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3.5 is for suckers

Armor class should be low! Long live THAC0!

By fnord12 | July 13, 2006, 9:10 AM | D&D


Comments

The bigger, heavier, and better my armor is, the _lower_ my ability is? That's decidely unamerican. Sounds Scottish to me. and needlessly complicated to me. I prefer a system that allows new players the easiest entry into the game. I'm not some kind of crazy elitist like you. 3.5 rulz!

Oh yeah, i shudder to think of all the people who turned away from D&D because they just couldn't comprehend that being ranked low (like being #1 in your class as opposed to #10) was good.

That's all well and good if you're just comparing rankings. but in every other stat in the game, bigger is better. they could all be low, or all be high, I don't care, but if you're going to compare and use together low numbers with high rankings and need crazy matrices to do so, then you are being needlessly complicated. The only reason Thac0 existed for so long is because you conservative types can't let go of an old idea, even if it's a bad one.

You're not making sense. When do you compare Armor Class to ability scores? And it's not a question of letting go, it's a question of a system that works just fine and not needed to spend $100+ on new books and converting my whole campaign to address some anal retentive issue. They only release these new editions every so often so that they can continue to make money since once you have the books you really don't need to buy anything. Hence, 3.5 is for suckers.

First of all, there are times when ability scores and armor class are used together, but I was mainly thinking of combat and skill related issues and I find the method of combat in V3.5 better than in V1 or 2. Not vastly and not worth getting all new rules over. Everything is determined in pretty much the same way, which streamlines combat rules (once understood and handled by an excellant DM like yourself, will hasten combat, which often drags down the role-playing aspect). I know rod, I was once terrified by the idea of no more Thac0, but really, it'll be ok. It'll be ok.

However, this was your point about why V1 is superior which is not my point over why V3.5 is superior (although I think it is). I feel that V3.5 is superior because you get a greater variety of characters with the rules for V3.5. This is it's advantage and it's a great one. These rules allowed you, bob, adam, and priscilla to all have what would be essentially the same character skills and abilities wise under v1 rules, to be vastly different under v3.5 without engaging beyond the core books or some half-assed rules you'd have to invent yourself. I think this variability as well as better quantifing skills and having a system that allows ease into using them with abilities, spells, etc. is worth the change despite the slight initial difficultly that a DM may have in adapting himself to any new rules.

And you're right, the switch from V3 to V3.5 was probably more market than need driven (which is sometimes a necessary evil, i won't discuss this aspect here) and could've done a quick update for a lower price rather than require $90-100 to update. The same I would say with the switch to V1 to V2. But the switch from basic to V1 and V2 to V3, I think were necessary as those updates truly improved the mechanics, playability, and ease of newbies to understand. Would you still play basic if AD&D were available just because you were used to it?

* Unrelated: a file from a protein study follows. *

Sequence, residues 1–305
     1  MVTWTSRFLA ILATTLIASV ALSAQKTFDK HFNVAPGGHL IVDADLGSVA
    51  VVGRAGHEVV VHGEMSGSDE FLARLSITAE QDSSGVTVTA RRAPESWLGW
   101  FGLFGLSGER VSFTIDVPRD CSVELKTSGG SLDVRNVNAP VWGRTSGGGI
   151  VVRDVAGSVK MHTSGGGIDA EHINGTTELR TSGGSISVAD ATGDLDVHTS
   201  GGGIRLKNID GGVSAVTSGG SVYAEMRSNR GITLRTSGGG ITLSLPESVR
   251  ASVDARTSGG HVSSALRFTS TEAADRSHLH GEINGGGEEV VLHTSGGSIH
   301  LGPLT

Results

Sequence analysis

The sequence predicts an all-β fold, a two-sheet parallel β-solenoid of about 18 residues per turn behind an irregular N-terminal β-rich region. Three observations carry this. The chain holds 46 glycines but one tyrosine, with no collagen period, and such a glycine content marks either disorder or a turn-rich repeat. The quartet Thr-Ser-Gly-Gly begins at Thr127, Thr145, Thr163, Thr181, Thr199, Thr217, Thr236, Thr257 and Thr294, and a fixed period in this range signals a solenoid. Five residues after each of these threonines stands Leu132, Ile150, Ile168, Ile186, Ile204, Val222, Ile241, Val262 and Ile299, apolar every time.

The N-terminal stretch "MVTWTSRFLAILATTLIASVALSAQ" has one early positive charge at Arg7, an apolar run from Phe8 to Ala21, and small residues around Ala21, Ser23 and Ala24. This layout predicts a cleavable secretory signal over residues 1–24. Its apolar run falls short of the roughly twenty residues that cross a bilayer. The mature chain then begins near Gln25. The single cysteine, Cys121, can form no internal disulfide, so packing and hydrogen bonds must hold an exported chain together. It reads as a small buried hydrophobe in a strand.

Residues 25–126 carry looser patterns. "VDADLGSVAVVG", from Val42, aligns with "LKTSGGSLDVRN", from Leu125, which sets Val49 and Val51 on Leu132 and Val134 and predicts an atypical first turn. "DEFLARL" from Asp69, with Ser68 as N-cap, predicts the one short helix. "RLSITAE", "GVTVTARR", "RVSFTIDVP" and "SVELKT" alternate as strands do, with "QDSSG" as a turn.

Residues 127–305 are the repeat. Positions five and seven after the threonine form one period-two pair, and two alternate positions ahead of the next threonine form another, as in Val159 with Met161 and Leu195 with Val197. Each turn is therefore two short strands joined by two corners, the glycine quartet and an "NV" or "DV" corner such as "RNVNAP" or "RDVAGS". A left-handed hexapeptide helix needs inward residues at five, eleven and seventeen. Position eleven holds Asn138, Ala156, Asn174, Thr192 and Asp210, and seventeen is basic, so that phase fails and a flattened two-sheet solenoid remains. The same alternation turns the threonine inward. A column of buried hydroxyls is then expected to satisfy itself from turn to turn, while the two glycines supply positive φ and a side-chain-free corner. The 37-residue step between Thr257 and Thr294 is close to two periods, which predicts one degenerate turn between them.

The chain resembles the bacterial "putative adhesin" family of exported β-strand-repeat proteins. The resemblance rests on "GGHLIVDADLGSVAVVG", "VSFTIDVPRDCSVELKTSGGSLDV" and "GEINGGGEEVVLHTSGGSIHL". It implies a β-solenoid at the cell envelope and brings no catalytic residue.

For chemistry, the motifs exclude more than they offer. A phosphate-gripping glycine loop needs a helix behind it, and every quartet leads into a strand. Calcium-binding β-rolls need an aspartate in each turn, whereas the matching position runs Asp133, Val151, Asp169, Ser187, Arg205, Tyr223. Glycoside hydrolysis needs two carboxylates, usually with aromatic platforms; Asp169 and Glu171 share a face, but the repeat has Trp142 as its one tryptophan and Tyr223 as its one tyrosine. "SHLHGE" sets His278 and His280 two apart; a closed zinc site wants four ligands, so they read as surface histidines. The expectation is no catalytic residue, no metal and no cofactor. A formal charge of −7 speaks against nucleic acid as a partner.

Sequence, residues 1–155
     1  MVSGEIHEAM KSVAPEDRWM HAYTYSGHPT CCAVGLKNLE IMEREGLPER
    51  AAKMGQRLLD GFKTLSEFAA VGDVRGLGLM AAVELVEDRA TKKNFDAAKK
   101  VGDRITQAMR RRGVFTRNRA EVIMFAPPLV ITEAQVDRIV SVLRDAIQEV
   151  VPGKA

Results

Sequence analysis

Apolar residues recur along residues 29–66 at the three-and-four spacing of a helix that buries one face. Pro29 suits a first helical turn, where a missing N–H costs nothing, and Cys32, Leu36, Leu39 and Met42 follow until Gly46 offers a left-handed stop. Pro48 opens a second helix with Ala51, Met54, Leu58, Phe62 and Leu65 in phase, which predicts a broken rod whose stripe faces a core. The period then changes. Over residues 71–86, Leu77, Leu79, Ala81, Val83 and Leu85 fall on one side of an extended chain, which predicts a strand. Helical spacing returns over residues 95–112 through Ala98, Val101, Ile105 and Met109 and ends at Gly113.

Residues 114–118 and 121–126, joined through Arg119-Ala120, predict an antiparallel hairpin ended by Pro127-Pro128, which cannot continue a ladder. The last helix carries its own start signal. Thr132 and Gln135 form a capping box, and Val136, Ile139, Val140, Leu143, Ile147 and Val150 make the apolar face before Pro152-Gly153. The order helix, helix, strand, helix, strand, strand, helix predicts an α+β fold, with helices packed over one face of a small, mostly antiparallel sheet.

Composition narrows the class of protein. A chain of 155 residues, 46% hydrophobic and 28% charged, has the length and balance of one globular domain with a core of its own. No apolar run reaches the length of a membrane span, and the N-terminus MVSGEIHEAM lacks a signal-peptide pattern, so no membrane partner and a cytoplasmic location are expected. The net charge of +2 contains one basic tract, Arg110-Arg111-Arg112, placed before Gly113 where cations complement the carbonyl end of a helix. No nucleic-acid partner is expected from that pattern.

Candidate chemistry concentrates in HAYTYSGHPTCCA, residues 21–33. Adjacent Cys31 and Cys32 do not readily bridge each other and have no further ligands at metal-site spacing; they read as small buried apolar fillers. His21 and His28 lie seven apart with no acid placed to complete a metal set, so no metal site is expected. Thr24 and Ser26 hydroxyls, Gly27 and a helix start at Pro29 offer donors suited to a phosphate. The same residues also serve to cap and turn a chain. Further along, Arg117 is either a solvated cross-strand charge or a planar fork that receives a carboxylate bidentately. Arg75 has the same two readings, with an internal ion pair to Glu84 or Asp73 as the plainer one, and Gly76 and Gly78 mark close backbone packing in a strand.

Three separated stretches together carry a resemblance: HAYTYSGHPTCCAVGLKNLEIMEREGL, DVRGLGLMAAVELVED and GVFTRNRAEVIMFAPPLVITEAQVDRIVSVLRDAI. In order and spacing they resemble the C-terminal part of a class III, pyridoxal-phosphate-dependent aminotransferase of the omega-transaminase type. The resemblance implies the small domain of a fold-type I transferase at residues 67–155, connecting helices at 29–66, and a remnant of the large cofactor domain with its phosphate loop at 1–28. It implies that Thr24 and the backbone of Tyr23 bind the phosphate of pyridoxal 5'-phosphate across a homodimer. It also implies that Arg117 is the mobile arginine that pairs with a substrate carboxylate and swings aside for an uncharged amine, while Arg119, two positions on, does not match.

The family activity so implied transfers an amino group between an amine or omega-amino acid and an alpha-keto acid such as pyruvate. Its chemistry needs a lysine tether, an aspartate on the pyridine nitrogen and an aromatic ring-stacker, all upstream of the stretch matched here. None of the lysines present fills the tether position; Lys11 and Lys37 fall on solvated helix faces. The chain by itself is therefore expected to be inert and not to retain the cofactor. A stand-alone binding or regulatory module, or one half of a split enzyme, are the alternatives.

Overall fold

As for your personal money thing, well that's really not an issue as you have great friends, one who will give you all you need to run V3.5 even a useless DM's screen all at a low low cost.

Barring that, let me play Beeblebrox and Adam Lord Phantar.

Man, I kneew I was a geek, but this is ridiculous.

Points all considered but for now i'm not upgrading. I have too much stuff written out by hand that i don't want to convert to new rules, and i think it's better for newbies if the DM is familiar with the rules than if we're playing with a ruleset that was written with newbies in mind but that the DM is learning along with them. And i can't let Beeblebrox and Phantar back as PCs - they are too integral to my plot right now. However, maybe in the future we can do a veteran's campaign. And FWIW, i did switch from basic to AD&D back in middle school.

Ehhh...do what you want. I don't care. You're probably right that it's more important you're familar with your made-up rules. It's good you were open to new ideas when you were younger though.

This is intended to be sincere, not sarcastic. I realize it's hard to tell.

ok, that 'new ideas' thing was a bit sarcastic.

Hey, in basic D&D, "elf" was a profession, know what i'm saying?

You have defeated me with your +2 Bit of information.

i don't see how any of this answers my question about hyperspheres.

I've been following your debate with interest, and i just wanted to say... the rules don't really matter. They're just a guideline to get you started. Whatever rules you use, as long as they are applied consistently, will be fine.

Why, when we first started playing, we had nothing more than a bunch of six sided dice and some fantasy war miniatures, and we had a grand old time.

Mr. Gygax,

Please recall that Hasbro, Inc. is the rightful owner of all of your ideas, creations, and personal anecdotes. Please refrain from posting any such info again.

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